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Transport Committee slams “too modest” government’s railway plans

July 22, 2008

The House of Common’s Transport Select Committee, a group of MPs including ex-leader of Manchester City Council Graham Stringer, has issued a critical review of the government’s “Delivering a Sustainable Railway”  strategy for the railways

Whilst welcoming the government’s willingness to plan for the long-term future (“we congratulate Ministers on the development of the first structured plan to develop our railways in many decades”) the committee concluded the government’s vision was far too modest when factors such as rising passenger numbers, oil prices, and environment concerns are taken into account.

The committee regrets that the government refused to commit to building high-speed railways to offer a better alternative to domestic flights and warns that “Hesitation now will mean years of avoidable misery and overcrowding on the network.”

On electrification the committee approves of the government’s very recent change of heart after previously dismissing it “too lightly”. The committee said “We are pleased the Government appears finally to have seen sense on electrification”.

The committee expressed serious concerns about the performance and governance of Network Rail, saying the director’s recent bonuses “added insult to injury for the long-suffering passengers who have had to struggle with the consequences of the company’s failings”. They also find the structure of Network Rail inadequate and recommends the government finds an alternate structure that provides greater accountability.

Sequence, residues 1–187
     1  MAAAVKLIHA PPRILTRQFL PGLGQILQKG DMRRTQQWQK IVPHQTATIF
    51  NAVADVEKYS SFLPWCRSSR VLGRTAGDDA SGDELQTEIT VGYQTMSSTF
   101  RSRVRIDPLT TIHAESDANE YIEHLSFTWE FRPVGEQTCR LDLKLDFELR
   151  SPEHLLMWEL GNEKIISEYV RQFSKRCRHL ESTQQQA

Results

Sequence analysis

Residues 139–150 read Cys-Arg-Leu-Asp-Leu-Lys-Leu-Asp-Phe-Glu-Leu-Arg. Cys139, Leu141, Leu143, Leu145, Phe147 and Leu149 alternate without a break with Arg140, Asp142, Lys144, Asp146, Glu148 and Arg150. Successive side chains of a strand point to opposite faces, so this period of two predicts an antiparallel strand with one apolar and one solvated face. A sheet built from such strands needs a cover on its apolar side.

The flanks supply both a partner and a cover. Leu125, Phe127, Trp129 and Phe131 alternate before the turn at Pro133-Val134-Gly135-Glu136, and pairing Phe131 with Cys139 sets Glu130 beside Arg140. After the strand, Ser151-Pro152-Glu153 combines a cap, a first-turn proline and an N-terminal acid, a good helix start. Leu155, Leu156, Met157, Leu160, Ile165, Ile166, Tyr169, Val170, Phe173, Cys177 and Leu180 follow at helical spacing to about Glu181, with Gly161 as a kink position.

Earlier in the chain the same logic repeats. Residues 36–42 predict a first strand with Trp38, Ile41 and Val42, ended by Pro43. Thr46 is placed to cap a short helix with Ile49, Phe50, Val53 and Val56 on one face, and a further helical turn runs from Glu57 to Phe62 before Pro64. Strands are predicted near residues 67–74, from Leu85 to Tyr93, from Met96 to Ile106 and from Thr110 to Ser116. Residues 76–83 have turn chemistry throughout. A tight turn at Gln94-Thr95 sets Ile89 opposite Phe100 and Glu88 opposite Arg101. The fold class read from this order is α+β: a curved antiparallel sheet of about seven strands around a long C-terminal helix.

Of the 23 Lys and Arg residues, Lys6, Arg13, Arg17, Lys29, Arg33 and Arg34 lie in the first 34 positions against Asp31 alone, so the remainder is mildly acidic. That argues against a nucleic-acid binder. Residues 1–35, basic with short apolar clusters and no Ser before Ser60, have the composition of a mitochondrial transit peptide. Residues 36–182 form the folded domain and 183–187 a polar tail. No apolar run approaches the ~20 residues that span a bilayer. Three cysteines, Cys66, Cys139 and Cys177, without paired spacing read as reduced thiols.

On increasing network capacity the committee says the government is again “over-cautious” and call for “significant expansion of the network sooner rather than later”.

The 1,300 new carriages that the government have pledged to order are welcomed but the committee also warns “it is clear that, due to the growth in rail patronage, the new stock is unlikely to relieve overcrowding significantly”.

In conclusion the review says that “The White Paper is very light on vision and strategic thinking, and rather represents a missed opportunity … The Government should now seek to develop a genuine 30-year strategy.”

The full review can be downloaded from the government web site here.

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